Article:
Did you use the same length screen and the same slot size as the neighbor?
    The neighbor I helped used a 3 foot point ( mine is 4 feet) but I can't remember screen size. My openings are extremely small. I thought of pulling the point and enlarging some of them.

    The garden hose hooked up isn't going to make any difference either.
    It did help somewhat, but only temporarily.

    Are there a lot of minerals in the water?
    Can't say.

    bob...
    Bob, I really appreciate your taking time to help.

  6. #6
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    The kick back on the handle indicates a big vacuum and not a big supply of water. Could be your not in the vein all the way or you may be past it some. Could be the screen slot size or gauze size. Since you can't get a sample of the sand down there, you are blindly installing a screen. It could be too course (pumping lost of sand) or too fine, (not enough water).

    In some areas people use a piece of 2" pipe, stand it up 10' go inside it with a piece of 3/4" with the end cut on a 45 degree angle to make it sharp, pump water down the 3/4" while juking it up and down which makes a hole for the 2" to fall into, when the sand starts coming up, either around the 2" or through it, that is the start of the vein (clean sand that is) keep going to the bottom or until clay starts coming. Keep track of the distances. This is where you want your screens. There is a guy in St. Petersburg, Fl. That makes 1" and 1-1/4" well points out of pvc pipe. They have very fine openings but there are so many of them that they will out perform 4 of the standard screens on the market. So you glue them together however many feet of sand you have, glue a piece of pipe on the top and throw them down the hole. Pull the 2" back, wash the sand back in around the well pipe and you have a well that wasn't guessed at.

    bob...

  7. #7

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    Speedbump,
    Thanks for the help. I hooked a pitcher pump back on and am pumping lots if silty water now. My guess is that something collapsed down there after I had run the well for about six hours couple weeks ago. I've hooked up the pitcher pump and am now pumping lots of silty water. I'll keep pumping a little each day and see what happens. Thanks again for responding.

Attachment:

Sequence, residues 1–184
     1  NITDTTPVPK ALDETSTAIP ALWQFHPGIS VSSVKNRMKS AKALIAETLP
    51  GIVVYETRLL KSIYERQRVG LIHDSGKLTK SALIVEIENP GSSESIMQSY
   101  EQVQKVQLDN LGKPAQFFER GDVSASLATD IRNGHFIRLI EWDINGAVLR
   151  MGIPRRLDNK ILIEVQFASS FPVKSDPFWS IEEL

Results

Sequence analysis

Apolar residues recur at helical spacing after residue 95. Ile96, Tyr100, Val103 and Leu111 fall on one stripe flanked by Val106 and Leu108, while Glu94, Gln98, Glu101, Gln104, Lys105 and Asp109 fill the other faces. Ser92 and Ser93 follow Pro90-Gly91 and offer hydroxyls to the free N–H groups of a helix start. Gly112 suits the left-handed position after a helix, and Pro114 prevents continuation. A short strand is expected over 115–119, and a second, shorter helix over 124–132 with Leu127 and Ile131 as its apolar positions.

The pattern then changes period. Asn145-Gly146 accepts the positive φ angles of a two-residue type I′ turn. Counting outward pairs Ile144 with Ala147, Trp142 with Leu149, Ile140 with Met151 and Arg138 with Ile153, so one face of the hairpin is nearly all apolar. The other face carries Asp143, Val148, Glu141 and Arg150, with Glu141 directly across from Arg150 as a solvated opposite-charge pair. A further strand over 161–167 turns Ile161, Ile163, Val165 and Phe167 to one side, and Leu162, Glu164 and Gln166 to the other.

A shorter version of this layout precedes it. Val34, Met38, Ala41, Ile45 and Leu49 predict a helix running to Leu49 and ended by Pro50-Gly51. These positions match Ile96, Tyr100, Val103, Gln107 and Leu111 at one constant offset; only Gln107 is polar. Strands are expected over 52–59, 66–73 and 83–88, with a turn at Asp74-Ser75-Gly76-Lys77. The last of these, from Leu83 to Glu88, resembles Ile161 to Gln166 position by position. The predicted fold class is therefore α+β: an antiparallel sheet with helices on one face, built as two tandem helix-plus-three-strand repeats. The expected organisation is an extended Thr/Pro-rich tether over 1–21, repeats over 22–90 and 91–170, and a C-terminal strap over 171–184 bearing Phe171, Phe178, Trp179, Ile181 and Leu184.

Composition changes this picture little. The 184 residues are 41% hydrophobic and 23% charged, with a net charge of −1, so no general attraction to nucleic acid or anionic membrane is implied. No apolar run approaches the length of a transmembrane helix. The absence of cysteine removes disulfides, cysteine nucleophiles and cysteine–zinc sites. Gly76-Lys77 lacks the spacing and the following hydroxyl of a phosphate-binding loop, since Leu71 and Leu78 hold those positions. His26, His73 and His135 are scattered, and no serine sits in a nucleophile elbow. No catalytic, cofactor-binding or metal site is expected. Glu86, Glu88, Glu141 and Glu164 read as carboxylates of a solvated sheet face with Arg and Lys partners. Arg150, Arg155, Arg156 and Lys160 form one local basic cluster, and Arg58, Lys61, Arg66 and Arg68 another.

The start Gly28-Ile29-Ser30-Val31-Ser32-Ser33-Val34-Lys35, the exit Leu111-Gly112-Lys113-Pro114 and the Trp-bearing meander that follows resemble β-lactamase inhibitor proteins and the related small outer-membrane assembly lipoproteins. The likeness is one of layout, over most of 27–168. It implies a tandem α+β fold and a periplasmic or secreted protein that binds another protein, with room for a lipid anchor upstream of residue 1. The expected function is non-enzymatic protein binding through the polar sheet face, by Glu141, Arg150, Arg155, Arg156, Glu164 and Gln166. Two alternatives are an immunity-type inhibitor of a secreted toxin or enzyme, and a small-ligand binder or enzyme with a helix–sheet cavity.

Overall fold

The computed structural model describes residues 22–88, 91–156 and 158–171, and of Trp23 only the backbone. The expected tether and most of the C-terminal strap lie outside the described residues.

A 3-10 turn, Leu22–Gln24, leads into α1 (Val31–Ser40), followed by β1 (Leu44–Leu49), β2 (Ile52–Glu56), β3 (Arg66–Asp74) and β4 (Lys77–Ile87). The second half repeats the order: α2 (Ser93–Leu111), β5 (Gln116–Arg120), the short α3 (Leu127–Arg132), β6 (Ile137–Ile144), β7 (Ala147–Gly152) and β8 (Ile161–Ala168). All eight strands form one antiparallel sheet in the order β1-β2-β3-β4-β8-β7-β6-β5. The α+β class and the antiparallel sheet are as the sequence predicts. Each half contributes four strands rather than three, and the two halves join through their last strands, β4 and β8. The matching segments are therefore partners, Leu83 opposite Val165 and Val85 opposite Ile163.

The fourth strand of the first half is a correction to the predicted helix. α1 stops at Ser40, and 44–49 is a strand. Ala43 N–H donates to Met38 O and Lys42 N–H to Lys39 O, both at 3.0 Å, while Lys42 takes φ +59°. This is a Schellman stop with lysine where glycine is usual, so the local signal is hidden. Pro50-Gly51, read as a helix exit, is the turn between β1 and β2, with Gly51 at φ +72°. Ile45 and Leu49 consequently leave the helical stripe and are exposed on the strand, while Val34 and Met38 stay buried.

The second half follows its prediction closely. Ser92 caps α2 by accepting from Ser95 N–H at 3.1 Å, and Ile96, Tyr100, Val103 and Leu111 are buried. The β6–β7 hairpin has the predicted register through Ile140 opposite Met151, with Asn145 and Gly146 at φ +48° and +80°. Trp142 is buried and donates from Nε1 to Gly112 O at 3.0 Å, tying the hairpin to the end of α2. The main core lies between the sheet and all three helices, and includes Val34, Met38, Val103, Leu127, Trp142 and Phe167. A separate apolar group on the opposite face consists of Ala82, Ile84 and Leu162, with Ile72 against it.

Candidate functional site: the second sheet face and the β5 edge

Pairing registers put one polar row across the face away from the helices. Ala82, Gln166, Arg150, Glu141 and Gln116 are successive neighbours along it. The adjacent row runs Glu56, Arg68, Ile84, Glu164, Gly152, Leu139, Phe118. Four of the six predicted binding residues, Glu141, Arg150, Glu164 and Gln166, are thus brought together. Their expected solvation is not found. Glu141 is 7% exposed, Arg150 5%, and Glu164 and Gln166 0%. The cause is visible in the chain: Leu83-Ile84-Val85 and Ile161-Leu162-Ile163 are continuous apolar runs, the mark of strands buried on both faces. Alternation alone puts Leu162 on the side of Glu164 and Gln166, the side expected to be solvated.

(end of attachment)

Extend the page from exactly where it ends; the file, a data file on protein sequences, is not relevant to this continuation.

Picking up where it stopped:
8. #8
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    I don't think there is anything down there that can collapse, just sand and water. The silt is the fines that will get through the screen. The coarser material will gather up around the screen acting like more screen around the metal one and eventually the silt will stop when it gets far enough from the screen to quit being pulled by the pump according to the amount of flow you are pumping. (Did that make sense to you, because I think I confused me)

    If you get it to clear up at say 10 gallons per minute and then started pulling water at 15 gallons per minute, you will get some more silt for a while.

    When you break into a water vein the water in the pipe will seek the leval of the highest point in that water vein. This can be anywhere from the bottom of the screen to the top of the casing or higher in the case of a flowing well.

    bob...

  9. #9

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    speedbump - about collapse:

    Years ago I tried to install a driven well, and lost patience with the pitcher pump. I rented a 5hp gasoline pump, necked it down and began to pump. Only after I had a truckload of sand in the yard did I wake up. I had a hole down there the size of a box car. Shovelled back all the sand and still had to get a truck load of fill. Actually, I didn't mean a real collapse, just that maybe something had changed down there. Maybe water from another vein was drawn in and brought sand with it to accumulate around the point. Right now, the pitcher pump is pumping lots of water, but it's silty. I'll keep trying and see if it clears up.

  10. #10
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    Yup, I've created a few sinkholes like that myself. Messing with my own junk at home though, not at the customers.

    If your getting a decent flow of water from the well with the pitcher pump but still getting silt, hook up the jet and let it clear the well up for you. Otherwise you'll be going to the doctor complaining of tennis elbow.

    bob...